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Payday Loan Blog - More On Article Writing

 
 Friday, 06 October 2006

Joe makes an excellent point when he says copywriting for cash advance topics is good for your customer and even better for SEO - but what separates the good content from the great content?

You can rest assured that writing copy that pertains to, say, cash advances and your pet goldfish will not only look foolish to the human eye but will also cause confusion among your search engine spiders. This is what I'm told at least, and I'll let one of my compatriots elaborate on spider theory a bit more at their leisure (that's far too programmy for my taste.) What I can say is I have seen many an affiliate come through my proverbial door and ask for copywriting advice, only to turn tail and run at the thought of creating something original; they clamor to the top ranked sites for their niche cash advance phrase and perform the old Ctrl + C followed by the Ctrl + V. "It worked for them, so it must work for me," I imagine they say to themselves. Unfortunately they have not only broken copyright law, but also managed to trip a duplicate content filter within the search engines themselves.

(More on duplicate content can be found at this Webmaster World posting.)

It makes sense, doesn't it? The job of a search engine is to bring order to a world of information that is otherwise the epitome chaos. As a search engine does this, trusted sources emerge and, conversely, so do those that are less than trustworthy. Take the phrase "cash advance" and plug it into any search engine of your choice, then take any URL in the top 10 and plug that into the Copyscape plagiarism search engine - what you'll see is a listing of sites that have copied the URL that you chose. If a search engine has already given preference/trust to one site (as demonstrated by the high search ranking) why then would it skyrocket a second site for providing the exact same content? Remember that a search engine's clients are looking for information, so it's only logical that providing page after page of the same content would cause their customer to go someplace else with their search traffic. As such it is in their best interest to provide fresh information, so copyright infringers will fall straight to the bottom of the list.

In the end, plagiarism shortchanges the writer of the content, paints the plagiarizer's domain with an unfavorable pigment of piracy, and ultimately adds no value to the customer experience (which is why we're all here in the first place, right?) The debate may rage on as to whether or not a duplicate content filter might exist and to what degree, but every client that I've worked with to create original copy has ultimately done better in the long run.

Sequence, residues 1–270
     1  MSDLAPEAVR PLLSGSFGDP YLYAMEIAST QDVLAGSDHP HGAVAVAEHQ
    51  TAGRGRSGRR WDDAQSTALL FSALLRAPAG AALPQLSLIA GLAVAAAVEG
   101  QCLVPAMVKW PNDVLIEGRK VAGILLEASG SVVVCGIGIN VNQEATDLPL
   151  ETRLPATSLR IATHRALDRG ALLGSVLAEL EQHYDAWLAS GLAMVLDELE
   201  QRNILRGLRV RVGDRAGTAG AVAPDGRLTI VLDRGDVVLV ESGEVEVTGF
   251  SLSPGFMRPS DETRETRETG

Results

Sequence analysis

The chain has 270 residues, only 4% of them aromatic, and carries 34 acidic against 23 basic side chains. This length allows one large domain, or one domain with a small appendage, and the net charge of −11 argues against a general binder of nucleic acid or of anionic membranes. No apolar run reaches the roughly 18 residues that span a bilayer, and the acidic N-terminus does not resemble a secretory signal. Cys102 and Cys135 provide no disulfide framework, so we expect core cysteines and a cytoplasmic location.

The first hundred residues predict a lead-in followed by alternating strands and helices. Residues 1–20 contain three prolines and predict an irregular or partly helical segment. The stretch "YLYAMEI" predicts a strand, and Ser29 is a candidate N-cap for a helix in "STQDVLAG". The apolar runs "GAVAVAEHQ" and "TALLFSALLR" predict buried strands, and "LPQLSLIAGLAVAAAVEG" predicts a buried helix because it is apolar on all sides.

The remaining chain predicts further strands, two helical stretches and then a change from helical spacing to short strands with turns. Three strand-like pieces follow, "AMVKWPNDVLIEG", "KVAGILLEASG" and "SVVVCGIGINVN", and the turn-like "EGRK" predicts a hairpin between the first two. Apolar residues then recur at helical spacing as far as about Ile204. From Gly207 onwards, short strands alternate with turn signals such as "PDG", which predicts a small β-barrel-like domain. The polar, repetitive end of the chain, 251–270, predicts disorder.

Cash Advances are Boring - How Do I Write for such a Humdrum Keyword Phrase?

As Joe suggests, I tell everyone who will listen to do a news search for your keyword phrase or any other variation that you can think of. (A great tool for seeing variations on your main theme lives over at Digital Point in the form of a keyword suggestion tool; type in something like "cash advance" and see all the other interesting results that come up!) News about your topic helps keep it interesting to both you and your consumer, so conduct a search and see what's in the news and issue a comment on a current event or an analysis of a story. As each of these articles stacks up on your site, it's just one more way that a client can find you by conducting a simple search (it goes without saying that a link to apply for a cash advance or our handy redirecting form should be present on each fresh article page - remember, monetization is key!)

If you're writing general copy such as a "how cash advances work" guide or a FAQ page, I would recommend looking at what your competition covers but be careful not to copy them directly. If you're one of our partners there are also some guidelines that you must adhere to in order to ensure that you're making credible promises to your visitors, so you may either borrow the message from our FAQ page or write me if you have any questions of a more specific nature.

- Blumey



Friday, 06 October 2006 23:05:41 (US Mountain Standard Time, UTC-07:00)  #     
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